Tropical diseases: a manual of the diseases of warm climates

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Wood, 1910 - History - 876 pages
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Page 412 - Fig. 3, which is taken from the Annual Report of the Sanitary Commissioner with the Government of India for...
Page xix - It is evident from what has been advanced that the student of medicine must be a naturalist before he can hope to become a scientific epidemiologist, or pathologist, or a capable practitioner.
Page 601 - This diurnal periodicity is, under normal conditions, maintained with the utmost regularity for years. Should, however, as Mackenzie has shown, a filarial subject be made to sleep during the day and remain awake at night, the periodicity is reversed ; that is to say, the parasites come into the blood during the day and disappear from it during the night.
Page 613 - ... (Manson.) The adult worms may obstruct the thoracic duct or occlude the smaller lymphatic vessels or the lymph glands, resulting in a damming back of the lymph, giving rise to lymph oedema of the undrained area, and due to this increased lymph pressure there results a condition of lymphatic varix or...
Page 324 - ... reaching the normal about the end of the third or beginning of the fourth day. The patient continues debilitated, especially mentally, for a week or two longer. Serious complications do not occur, but in some years diarrhoea, in other years pharyngitis, are features of the epidemic.
Page 277 - ... the filthiest and most crowded Oriental towns and without any apparent alteration in the habits or circumstances of the population, the disease, after having become epidemic, dies out spontaneously. It may be difficult to indicate the exact way or ways in which filth and overcrowding operate, but certain it is, as experience has shown, that in sanitary hygienic conditions plague does not spread, even if introduced, and that in opposite conditions it may for a time spread like wildfire.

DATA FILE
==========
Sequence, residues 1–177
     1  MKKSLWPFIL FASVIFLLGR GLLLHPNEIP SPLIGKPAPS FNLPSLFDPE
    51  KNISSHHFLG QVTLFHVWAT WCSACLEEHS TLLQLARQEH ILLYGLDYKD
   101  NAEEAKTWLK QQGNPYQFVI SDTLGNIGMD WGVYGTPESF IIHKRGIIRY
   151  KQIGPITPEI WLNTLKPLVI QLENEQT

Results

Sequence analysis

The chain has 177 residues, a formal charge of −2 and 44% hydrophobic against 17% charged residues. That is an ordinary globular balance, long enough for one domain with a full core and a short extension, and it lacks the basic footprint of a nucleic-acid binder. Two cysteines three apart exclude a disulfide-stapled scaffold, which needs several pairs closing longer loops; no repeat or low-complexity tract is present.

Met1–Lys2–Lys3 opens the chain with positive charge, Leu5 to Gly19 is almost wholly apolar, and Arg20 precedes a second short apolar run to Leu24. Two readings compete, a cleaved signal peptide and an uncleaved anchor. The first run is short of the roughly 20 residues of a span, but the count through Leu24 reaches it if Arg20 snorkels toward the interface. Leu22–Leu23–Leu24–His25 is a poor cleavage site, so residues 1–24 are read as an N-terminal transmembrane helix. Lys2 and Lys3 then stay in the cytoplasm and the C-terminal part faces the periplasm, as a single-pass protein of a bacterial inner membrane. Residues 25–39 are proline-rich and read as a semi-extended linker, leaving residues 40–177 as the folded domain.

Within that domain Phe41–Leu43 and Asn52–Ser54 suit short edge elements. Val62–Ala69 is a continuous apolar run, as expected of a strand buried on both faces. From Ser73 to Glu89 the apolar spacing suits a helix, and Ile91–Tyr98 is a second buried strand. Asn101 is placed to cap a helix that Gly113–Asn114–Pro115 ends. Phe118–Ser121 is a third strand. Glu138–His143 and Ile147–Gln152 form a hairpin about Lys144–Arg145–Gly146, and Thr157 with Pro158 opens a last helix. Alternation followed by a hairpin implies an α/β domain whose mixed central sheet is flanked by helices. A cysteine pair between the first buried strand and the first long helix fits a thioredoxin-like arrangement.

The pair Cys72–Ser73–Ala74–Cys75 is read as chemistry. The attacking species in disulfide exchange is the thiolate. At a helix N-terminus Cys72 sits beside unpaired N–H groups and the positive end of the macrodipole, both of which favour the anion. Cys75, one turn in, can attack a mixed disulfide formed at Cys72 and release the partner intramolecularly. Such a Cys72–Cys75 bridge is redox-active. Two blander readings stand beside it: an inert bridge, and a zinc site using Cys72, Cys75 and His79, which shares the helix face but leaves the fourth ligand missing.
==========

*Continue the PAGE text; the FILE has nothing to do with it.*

Page 254 - Usually a coast disease. — It would appear that dengue, like yellow fever, prefers the coast line and the deltas and valleys of great rivers to the interior of continents. There are many exceptions to this rule; in 1870-73 it spread all over India. The distribution and concentration of population on the sea-board and along rivers, and the freedom of communication between communities so located, probably determine this preference for such localities.
Page 255 - Similar stories, illustrative of the sudden incidence of the symptoms, circulate during every epidemic of dengue. Sometimes the fever is ushered in by a feeling of chilliness or even by a smart rigor ; sometimes a deep flushing of the face is the first sign of the disease. However introduced, fever rapidly increases. The head and eyeballs ache excessively, and some limb or joint, or even the whole body, is racked with peculiar stiff, rheumatic-like pains, which, as the patient soon discovers, are...
Page 620 - Lymphangitis and elephantoid fever.— Symptoms. — Lymphangitis is a common occurrence in all forms of filarial disease, particularly in elephantiasis, varicose glands, and lymph scrotum. When occurring in the limbs the characteristic painful, cord-like swelling of the lymphatic trunks and associated glands, and the red congested streak in the superjacent skin, are usually apparent at the commencement of the attack. Very soon, however, the connective tissue and skin of the implicated area become...
Page 711 - Barbadoes tar and linseed-oil, in the proportion of one of the former to three of the latter, will be the most effectual external application, while alteratives and physic should be given internally.

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